Wednesday, May 25, 2005

Don Quixote in Caracas 

About a month ago the Chavez government, which is always promoting new education initiatives, had hundreds of thousands of copies of "Don Quixote" printed up to be given out for free. This proved quite popular as thousands and thousands of people all over Venezuela lined up to get a copy. Interestingly, the opposition, which likes to deride Chavez and his supporters as illiterates, has had nothing to say about this.

Apparently it didn't escape the attention of the Christian Science Monitor who had a interesting article on it today. Some excerpts:

A month ago, says Antonio Zambrano, surveying Caracas's historic Plaza Bolivar, there were maybe 4,000 people standing in single file right here.

The line wound its way around the Congress, cut up near the cathedral, and snaked around the statue of 19th-century independence hero Simon Bolivar. Mr. Zambrano had come, just like everyone else, for his "personal copy of 'Don Quixote.' "

Derided by some at the time, Venezuelan President Hugo Chavez is playing an Oprah Winfrey-like role in Venezuela, turning the country into one giant book club - and stimulating a fresh appreciation of literary classics.

"We are all going to read 'Quixote' to feed ourselves once again with that spirit of a fighter who came to undo injustice and fix the world," the populist leader announced on TV in April, promptly printing 1 million copies of Miguel de Cervantes's 1605 tome.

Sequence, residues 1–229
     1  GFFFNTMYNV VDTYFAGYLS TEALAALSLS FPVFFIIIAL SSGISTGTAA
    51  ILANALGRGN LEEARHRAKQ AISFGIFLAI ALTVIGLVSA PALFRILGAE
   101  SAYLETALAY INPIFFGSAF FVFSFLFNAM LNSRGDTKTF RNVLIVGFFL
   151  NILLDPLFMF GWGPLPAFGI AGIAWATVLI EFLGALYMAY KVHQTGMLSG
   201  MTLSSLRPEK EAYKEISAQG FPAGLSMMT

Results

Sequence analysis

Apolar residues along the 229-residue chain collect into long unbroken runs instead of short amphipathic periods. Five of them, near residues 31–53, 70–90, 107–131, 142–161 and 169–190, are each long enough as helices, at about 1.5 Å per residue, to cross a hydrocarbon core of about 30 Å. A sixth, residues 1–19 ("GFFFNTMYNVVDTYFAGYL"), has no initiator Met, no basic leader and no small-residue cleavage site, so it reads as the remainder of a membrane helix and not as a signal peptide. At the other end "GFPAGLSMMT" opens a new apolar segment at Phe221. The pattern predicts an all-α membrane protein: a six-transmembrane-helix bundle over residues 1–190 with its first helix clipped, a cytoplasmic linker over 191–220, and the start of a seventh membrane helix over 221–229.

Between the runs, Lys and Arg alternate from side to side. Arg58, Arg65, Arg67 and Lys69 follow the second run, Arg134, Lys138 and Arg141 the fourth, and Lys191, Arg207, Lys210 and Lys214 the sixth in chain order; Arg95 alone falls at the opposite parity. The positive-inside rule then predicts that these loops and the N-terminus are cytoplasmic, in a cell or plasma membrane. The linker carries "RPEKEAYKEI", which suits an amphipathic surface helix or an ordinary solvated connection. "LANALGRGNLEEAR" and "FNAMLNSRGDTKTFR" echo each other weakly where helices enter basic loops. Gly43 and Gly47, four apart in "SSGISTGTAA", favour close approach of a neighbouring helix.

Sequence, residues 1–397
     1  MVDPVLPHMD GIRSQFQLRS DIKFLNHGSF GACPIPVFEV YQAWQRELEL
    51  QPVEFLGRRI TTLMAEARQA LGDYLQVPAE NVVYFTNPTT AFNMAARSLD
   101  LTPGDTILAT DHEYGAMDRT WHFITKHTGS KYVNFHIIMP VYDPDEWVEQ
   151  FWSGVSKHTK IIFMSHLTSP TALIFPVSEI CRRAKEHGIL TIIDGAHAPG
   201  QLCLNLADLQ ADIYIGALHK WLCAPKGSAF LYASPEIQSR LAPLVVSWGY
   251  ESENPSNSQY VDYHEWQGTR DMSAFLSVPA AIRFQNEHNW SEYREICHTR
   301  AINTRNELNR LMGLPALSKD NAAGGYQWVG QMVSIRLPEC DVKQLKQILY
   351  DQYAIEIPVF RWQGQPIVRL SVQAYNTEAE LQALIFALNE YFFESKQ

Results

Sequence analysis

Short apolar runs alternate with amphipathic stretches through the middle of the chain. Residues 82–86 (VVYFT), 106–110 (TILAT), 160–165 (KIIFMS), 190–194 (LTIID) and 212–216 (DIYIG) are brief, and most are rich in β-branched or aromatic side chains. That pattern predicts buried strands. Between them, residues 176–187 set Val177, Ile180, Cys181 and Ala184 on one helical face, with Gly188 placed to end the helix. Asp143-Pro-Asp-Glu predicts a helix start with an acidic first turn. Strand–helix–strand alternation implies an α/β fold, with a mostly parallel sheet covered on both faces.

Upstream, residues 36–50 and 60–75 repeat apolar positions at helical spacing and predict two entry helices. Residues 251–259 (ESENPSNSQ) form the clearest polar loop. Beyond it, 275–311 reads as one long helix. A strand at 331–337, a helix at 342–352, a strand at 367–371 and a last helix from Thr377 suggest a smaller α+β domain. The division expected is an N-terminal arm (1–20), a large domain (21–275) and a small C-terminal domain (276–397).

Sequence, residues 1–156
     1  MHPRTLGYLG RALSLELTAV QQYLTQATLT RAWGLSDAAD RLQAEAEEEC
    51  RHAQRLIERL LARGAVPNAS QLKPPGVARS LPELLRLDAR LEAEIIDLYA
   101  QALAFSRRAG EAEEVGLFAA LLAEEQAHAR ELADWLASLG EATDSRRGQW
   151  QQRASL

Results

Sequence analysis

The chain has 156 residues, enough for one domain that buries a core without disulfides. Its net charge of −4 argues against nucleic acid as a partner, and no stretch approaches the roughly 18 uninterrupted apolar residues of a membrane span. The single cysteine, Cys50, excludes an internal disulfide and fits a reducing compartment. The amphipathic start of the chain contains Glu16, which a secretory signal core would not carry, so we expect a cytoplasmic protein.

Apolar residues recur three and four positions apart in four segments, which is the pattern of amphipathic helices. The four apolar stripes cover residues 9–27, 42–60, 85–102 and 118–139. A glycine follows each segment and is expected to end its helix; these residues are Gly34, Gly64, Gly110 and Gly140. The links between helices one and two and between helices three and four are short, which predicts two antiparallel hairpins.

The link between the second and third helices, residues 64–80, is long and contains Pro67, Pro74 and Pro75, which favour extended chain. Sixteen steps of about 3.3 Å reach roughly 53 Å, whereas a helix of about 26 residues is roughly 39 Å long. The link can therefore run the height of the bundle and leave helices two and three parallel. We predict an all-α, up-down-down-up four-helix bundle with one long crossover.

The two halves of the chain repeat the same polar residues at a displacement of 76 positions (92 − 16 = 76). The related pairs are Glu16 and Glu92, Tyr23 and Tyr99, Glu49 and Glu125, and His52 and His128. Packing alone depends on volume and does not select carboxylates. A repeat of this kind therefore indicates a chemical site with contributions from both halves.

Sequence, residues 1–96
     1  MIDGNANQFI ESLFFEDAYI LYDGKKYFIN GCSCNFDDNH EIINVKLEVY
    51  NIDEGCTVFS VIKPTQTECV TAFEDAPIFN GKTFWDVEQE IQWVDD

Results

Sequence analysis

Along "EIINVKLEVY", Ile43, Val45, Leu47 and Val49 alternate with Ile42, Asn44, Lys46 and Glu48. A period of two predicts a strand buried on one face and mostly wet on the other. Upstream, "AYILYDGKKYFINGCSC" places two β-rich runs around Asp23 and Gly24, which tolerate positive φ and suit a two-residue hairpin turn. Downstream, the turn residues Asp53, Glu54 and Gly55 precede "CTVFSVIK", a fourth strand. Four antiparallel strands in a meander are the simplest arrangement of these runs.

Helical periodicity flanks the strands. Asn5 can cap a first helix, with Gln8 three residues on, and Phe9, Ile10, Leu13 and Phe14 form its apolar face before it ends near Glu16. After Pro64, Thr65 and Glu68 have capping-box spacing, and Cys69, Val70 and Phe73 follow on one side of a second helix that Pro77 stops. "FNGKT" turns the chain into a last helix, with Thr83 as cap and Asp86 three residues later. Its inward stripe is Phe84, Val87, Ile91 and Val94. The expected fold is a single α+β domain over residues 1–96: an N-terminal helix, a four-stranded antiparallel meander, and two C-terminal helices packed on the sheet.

Everyone interviewed in the plaza on a recent afternoon was ready to discuss the man of La Mancha. Better still for the president, many are making positive comparisons between the idealistic would-be knight who roams Spain and dares to dream, and Chavez, a leader from humble origins who sees himself as the champion of the poor, traversing Latin America to speak to the masses about a better, common future.


"To be really honest, I suppose some number of those people who lined up to get the book were illiterate, and the others had probably already read the book in high school, like myself," says Mr. Zambrano, "but that is part of the genius of this program. It's about being more educated, but it's also about everyone having the right to a library at home. Why should only rich, reading-types have libraries? We are all equal and worthy - that is what Don Quixote and Chavez are trying to tell us."

Nobel laureate Jose Saramago of Portugal, in a special introduction to the edition, stresses this theme of betterment and equality, writing that "curiosity moved Alonso Quijano [the ordinary man who later transforms himself into Don Quixote] to read, reading led him to imagine, and now, free of the ties of habit and routine, he is able to travel the roads of all the world."

Most Venezuelans, explains Zambrano's son, Rolando, grew up on a steady Don Quixote diet: "We watched the story in cartoons when we were kids, and then we heard it referred to everywhere later - from our churches to our telenovelas [soap operas]. But we never actually read the text carefully," he says. Now the country reminds him of "one big schoolroom," where everyone, armed with a personal copy of the book, is encouraged to "really think about the meaning for us today."

"Both Chavez and Don Quixote are fighting for justice and equality and the oppressed, they are both tolerant to all, and they both want to create better worlds," he adds.

His father nods gravely. "Indeed," he says.

Read the whole article here.


This page is powered by Blogger. Isn't yours?